It’s always nice and also encouraging to hear positive comments from a retail CEO about Flowcasting and supply chain management in general. Below are some nice compliments from Ken Larson, President & CEO of Princess Auto Ltd, about Flowcasting, supply chain and the team (both internal and external) that helped make it happen. Thanks for the kind words Ken!
Without exception, every retail client we’ve worked with struggles with this simple ask. Everyone has been so conditioned to focus on “ordering” that they struggle to understand that ordering (or committing the planned shipment) is the last decision, not the first. They are focused on “do we need to order” in week 1, rather than planning arrivals and the corresponding ship dates (i.e., planned shipments) first.
Planned shipments are the foundational construct of Flowcasting and how the process integrates the retail supply chain to ensure the fundamental principle is achieved – that is, a valid simulation of reality. Every planned shipment consists of an arrival date (when the product will arrive at the destination) and a ship date (when the product will ship from the supplying location).
Flowcasting plans shipments over the entire planning horizon and shares these projections with suppliers and other stakeholders in order to help them plan and improve productivity. For suppliers we often refer to what is shared with them as a supplier schedule – that is, the projection of planned quantities and their associated ship dates by product and origin/destination.
Ship dates are the key element to anchor the supplier schedule on. That’s because ship dates are very specific from a supply chain and work perspective. It’s when the inventory needs to be available and also when transportation needs to be scheduled to initiate the delivery.
The supplier schedule is, in most cases, the culmination of Working Backwards for a retailer who is using Flowcasting. From the forecast of consumer demand, we work backwards to calculate when product needs to arrive and ship, through the entire distribution network, right back to when the factory needs to ship the product – integrating the entire supply chain via a series of dependent, cascaded planned shipments.
When you first hear the phrase Working Backwards it sounds like a dumb idea and implies you’re heading in the wrong direction. Turns out, it’s been a proven and brilliant way to drive innovation.
It also turns out to be the best way to plan inventory flows for the retail supply chain.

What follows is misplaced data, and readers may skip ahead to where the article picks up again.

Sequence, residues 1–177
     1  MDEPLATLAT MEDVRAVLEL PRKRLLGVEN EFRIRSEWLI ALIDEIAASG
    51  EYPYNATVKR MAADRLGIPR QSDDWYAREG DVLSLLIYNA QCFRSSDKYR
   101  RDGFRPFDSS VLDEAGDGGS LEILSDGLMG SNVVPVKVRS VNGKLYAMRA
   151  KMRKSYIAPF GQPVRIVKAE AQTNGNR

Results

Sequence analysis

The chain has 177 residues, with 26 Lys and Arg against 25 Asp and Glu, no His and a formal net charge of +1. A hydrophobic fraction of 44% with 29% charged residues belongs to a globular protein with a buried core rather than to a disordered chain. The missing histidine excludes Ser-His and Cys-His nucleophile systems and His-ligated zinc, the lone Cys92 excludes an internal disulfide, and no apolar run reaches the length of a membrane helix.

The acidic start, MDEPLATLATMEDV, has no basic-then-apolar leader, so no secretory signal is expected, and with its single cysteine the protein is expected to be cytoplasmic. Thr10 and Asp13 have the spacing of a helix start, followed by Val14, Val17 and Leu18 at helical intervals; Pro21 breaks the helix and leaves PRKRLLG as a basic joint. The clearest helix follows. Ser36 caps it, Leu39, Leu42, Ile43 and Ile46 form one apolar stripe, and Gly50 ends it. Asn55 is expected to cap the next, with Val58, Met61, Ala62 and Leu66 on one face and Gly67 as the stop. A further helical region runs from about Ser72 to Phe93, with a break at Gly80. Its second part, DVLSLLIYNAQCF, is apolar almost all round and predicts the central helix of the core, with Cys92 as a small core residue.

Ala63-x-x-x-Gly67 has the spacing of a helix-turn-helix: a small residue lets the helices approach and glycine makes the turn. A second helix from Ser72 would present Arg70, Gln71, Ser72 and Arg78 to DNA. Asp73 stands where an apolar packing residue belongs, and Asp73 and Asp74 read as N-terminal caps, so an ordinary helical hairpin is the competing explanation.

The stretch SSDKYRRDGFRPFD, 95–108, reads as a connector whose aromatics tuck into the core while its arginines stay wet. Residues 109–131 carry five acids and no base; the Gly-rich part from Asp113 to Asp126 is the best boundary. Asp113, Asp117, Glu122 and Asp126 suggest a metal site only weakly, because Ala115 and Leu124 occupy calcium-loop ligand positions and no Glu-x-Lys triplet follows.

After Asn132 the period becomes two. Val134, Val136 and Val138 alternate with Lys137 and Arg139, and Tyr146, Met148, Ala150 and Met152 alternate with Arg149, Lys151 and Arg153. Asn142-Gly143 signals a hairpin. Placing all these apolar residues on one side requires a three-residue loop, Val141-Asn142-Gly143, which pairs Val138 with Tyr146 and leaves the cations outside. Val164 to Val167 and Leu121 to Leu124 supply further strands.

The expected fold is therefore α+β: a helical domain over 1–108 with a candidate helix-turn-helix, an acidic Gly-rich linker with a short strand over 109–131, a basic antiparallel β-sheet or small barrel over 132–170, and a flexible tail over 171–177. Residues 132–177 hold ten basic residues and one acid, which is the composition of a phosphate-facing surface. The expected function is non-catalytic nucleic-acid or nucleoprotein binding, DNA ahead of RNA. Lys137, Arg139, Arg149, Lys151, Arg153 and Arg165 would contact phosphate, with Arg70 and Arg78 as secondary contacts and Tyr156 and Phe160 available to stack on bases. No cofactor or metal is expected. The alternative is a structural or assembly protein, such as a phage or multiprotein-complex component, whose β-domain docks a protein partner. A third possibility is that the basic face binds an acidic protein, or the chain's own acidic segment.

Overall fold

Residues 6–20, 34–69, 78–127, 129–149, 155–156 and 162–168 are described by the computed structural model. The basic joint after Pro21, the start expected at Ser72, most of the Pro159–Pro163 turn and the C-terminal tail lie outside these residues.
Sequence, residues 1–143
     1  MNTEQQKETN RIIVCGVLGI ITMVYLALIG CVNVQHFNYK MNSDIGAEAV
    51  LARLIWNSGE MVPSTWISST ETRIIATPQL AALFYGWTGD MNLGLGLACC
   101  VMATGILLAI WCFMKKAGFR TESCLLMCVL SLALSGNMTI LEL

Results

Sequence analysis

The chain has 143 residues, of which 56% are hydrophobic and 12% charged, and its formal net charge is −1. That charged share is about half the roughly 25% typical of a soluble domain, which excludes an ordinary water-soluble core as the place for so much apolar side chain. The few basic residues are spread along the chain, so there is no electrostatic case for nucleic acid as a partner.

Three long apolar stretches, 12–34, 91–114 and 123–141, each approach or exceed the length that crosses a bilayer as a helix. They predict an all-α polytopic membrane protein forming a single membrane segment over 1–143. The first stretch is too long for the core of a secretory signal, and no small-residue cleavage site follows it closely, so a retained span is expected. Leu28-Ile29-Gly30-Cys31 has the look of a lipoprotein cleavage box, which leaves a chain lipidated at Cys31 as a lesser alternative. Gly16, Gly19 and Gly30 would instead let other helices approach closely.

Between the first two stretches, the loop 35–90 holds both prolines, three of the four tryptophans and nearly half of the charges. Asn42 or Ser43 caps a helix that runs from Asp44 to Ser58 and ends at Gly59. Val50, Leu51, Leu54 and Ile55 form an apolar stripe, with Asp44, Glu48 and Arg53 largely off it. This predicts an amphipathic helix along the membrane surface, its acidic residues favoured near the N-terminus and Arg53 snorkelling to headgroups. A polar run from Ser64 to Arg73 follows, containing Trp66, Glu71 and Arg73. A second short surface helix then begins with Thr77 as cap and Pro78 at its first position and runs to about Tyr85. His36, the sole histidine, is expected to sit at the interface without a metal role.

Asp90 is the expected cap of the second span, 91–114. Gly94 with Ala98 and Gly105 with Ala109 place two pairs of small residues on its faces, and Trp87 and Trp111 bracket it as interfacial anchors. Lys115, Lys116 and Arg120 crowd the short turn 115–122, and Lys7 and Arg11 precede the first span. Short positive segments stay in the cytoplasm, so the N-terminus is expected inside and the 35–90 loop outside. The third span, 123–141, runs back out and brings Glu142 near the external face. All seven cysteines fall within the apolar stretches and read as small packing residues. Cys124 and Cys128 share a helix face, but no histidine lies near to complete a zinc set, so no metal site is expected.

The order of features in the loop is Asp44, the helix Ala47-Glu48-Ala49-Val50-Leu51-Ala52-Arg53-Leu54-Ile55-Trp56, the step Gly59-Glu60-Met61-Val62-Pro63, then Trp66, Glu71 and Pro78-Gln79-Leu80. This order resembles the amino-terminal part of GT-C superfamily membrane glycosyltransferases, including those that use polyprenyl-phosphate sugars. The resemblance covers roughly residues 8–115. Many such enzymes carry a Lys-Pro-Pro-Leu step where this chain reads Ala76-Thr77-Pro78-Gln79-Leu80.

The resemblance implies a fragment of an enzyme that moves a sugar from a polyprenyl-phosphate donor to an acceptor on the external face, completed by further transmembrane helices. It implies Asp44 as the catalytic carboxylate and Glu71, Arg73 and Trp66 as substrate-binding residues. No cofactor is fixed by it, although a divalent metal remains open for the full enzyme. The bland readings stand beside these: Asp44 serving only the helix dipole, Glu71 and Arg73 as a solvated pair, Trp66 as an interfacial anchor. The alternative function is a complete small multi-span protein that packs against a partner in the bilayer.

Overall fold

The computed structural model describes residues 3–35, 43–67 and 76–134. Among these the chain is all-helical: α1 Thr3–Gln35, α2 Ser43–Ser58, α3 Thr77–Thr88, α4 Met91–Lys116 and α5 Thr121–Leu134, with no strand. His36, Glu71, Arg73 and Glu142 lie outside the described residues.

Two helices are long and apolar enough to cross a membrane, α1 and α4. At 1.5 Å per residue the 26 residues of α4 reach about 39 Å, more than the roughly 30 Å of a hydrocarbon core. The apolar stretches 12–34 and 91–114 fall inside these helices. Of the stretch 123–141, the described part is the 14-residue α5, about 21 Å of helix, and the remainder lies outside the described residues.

The Arrival Based Plan
For those students, here is the arrival based plan for the example outlined above:
What’s important to understand is that the planned arrivals that are calculated above would be the same, regardless of supply source. They indicate the quantity and timing of a shipments arrival and are not dependent on the supply source. The planned shipment, of course, is dependent on the supplying source and the transit lead time.
This make arrival based planning a powerful approach since it enables you to easily plan a change of source well into the future and have all the cascaded dependent demand reflect a valid simulation of reality.
Most controversies would soon be ended, if those engaged in them would first accurately define their terms, and then adhere to their definitions. – Tryon Edwards
simple: easy to understand, deal with, use, etc.
simplistic: characterized by extreme simplism; oversimplified
complex: composed of many interconnected parts; compound; composite
complicated: difficult to analyze, understand, explain, etc.
Such small distinctions.
Such calamity when those distinctions are not properly acknowledged, particularly when applied to the retail supply chain.
Let’s start here:
- Problems that are complex can usually broken down into smaller problems, each of which can be simple
- Problems that are complicated are often intractable – they can’t easily be broken into chunks and require some sort of breakthrough to be solved (think peace in the Middle East)
- Problems that are simple – well, they’re not really problems at all, are they?
Now here’s where – in my experience at least – retailers start running into trouble.
Problem #1: Seeing complexity as complication
If you’ve ever read articles about the challenges of planning the retail supply chain, you’ve probably seen a diagram or two that looks something like this (if not worse):
The implication is clear: The retail supply chain is a vast, sophisticated web of relationships between and among various entities. Not only that, but the problem becomes more mind boggling the closer you get to the customer, as depicted below:
I mean, look at all those arrows!
To be sure, the retail supply chain planning problem is large in terms of the number of items, locations and source/destination relationships. The combinations can get into the tens – if not hundreds – of millions.
But is it truly an enormous and complicated problem or merely an enormous number of simple problems?
In contradiction to the popular proverb, sometimes it’s necessary to focus on the trees, not the forest.
How you consider the problem will in large part determine your level of success at solving it. Complication is often a self inflicted wound (more on that later).
Problem #2: Seeing simplistic as simple
Just as overcomplication leads to trouble, so does oversimplification.
Best summed up by Albert Einstein:
People love this quote because they feel it very neatly sums up Occam’s Razor. Then they further reduce it to a design philosophy like “the simpler, the better”.
But the real power in that quote doesn’t reside in the first part (“Everything should be made as simple as possible.”), rather in the second: But not simpler.